Criticisms of modern security concepts navigates towards attacking the universal supervision introduced by states as a practice. Emphasis is placed on the fact that our constantly monitored behaviour is reduced to slow simmering in the world of convenience, to conformist behaviour, self-censorship, and mere consumerism presented as freedom of choice. Emphasis is also on the fact that our whole personality is presented to the public, and that all those who think they should not be afraid because they are doing nothing wrong will realise over time that they have been manipulated. In the end, it all comes down to the individual's autonomy being erased under the guise of the individual as a new reference object of security. The contemporary intelligence apparatus no longer needs (to such an extent) agents who will "hunt" citizens (targets) around the country. Nowadays, this is done by the computers monitoring their activities through smartphones, social networks, CCTV, credit cards, etc. Security thinking and positioning must be updated in line with technological changes. In the past, human political aspirations were aiming for freedom, while "in the political present day" they are permanently imprisoned in the domain of safety and comfort. If the theory that history is the teacher of life is correct, then countries do not have to wonder whether there will be a war, but when it will begin. Therefore, the military category of security for the state (in the broadest sense), in the long run, still remains, or must remain, in the first place.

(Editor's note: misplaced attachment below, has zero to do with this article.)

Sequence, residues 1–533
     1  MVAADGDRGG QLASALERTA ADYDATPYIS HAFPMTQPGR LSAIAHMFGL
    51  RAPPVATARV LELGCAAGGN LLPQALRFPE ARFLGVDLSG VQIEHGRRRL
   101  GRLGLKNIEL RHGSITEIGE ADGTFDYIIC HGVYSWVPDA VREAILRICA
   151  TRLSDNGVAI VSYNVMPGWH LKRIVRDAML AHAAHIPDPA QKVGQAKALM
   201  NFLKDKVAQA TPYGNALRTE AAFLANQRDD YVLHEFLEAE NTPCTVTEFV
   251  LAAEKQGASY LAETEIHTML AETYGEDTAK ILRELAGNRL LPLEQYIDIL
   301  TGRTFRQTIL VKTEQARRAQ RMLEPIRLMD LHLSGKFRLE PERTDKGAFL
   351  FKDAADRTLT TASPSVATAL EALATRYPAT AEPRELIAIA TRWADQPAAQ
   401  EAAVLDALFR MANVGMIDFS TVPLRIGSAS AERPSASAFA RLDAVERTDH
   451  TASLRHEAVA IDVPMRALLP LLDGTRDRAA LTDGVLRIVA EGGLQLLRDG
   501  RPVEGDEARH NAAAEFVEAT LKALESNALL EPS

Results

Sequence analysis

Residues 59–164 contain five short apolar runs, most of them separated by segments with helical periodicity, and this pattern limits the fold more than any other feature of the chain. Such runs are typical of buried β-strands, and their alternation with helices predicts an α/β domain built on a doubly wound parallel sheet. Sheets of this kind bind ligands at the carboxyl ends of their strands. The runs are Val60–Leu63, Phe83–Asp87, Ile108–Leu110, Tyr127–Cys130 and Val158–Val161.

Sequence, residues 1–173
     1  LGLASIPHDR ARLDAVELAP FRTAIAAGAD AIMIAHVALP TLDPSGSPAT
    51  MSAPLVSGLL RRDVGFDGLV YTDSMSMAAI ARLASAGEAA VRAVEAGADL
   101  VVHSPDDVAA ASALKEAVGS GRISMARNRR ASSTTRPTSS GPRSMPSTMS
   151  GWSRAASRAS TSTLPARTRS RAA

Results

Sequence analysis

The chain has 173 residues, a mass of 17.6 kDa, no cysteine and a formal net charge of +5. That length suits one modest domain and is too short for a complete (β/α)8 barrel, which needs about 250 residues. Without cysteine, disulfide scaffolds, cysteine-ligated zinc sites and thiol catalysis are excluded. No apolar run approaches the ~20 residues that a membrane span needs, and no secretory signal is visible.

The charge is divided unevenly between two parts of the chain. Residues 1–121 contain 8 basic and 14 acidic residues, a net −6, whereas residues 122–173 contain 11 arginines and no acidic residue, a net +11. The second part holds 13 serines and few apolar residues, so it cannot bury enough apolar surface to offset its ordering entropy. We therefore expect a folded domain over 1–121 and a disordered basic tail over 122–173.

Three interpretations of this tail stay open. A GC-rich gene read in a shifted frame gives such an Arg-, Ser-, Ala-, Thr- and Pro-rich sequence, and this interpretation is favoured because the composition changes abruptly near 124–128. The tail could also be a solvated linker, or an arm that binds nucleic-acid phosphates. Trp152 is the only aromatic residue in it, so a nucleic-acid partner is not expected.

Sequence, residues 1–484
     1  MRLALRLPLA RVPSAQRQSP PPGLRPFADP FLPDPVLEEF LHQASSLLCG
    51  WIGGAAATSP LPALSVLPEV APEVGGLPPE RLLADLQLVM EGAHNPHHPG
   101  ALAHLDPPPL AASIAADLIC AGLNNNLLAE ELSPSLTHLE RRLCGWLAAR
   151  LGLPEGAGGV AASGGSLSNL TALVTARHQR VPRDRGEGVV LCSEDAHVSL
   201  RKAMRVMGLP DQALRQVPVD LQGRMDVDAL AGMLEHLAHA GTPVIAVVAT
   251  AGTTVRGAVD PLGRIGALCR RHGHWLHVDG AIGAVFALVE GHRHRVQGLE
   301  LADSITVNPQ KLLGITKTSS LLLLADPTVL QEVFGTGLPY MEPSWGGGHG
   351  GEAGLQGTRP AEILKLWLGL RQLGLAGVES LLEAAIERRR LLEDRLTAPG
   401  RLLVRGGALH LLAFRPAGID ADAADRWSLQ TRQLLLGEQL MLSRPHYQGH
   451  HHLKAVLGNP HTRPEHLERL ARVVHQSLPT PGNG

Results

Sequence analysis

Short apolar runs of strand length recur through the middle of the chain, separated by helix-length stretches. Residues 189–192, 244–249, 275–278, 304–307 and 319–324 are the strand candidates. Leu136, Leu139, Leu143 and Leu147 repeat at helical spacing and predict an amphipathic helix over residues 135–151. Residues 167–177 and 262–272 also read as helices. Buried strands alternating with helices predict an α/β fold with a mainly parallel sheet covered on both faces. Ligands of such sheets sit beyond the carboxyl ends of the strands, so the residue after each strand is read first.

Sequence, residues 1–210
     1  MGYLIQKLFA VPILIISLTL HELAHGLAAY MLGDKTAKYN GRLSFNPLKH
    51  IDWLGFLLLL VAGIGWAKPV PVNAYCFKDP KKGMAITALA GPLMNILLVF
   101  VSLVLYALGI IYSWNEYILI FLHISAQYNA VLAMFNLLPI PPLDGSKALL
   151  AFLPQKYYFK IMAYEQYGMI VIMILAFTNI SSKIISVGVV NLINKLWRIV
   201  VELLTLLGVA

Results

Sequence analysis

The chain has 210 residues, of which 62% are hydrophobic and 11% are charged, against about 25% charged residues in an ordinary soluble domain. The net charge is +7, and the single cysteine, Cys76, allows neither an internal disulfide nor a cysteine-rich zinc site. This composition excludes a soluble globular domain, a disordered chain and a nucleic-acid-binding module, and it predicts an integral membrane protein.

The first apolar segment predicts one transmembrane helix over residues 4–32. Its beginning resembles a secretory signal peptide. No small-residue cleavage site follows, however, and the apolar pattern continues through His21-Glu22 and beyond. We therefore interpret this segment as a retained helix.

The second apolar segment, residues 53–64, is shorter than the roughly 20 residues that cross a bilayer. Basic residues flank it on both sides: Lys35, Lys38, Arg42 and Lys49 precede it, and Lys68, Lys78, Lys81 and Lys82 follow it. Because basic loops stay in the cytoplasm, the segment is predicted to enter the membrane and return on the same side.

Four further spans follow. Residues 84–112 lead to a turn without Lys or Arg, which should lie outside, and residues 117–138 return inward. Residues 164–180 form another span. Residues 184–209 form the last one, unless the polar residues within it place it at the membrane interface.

Hybrid threats and wars are the new security modus operandi of the 21st century and will certainly remain a current topic for several decades to come. They have demonstrated their effectiveness and pervasiveness in numerous international conflicts and operations, irreversibly affecting their final outcome. It is the diversity, the polyvalence of the tools they use, and the totality and the omnipresence of the operational knowledge, skills and reach they produce that make them the scary category of operational threats that represents all the best that military, intelligence, propaganda, and cyber capabilities and experiences can deliver today.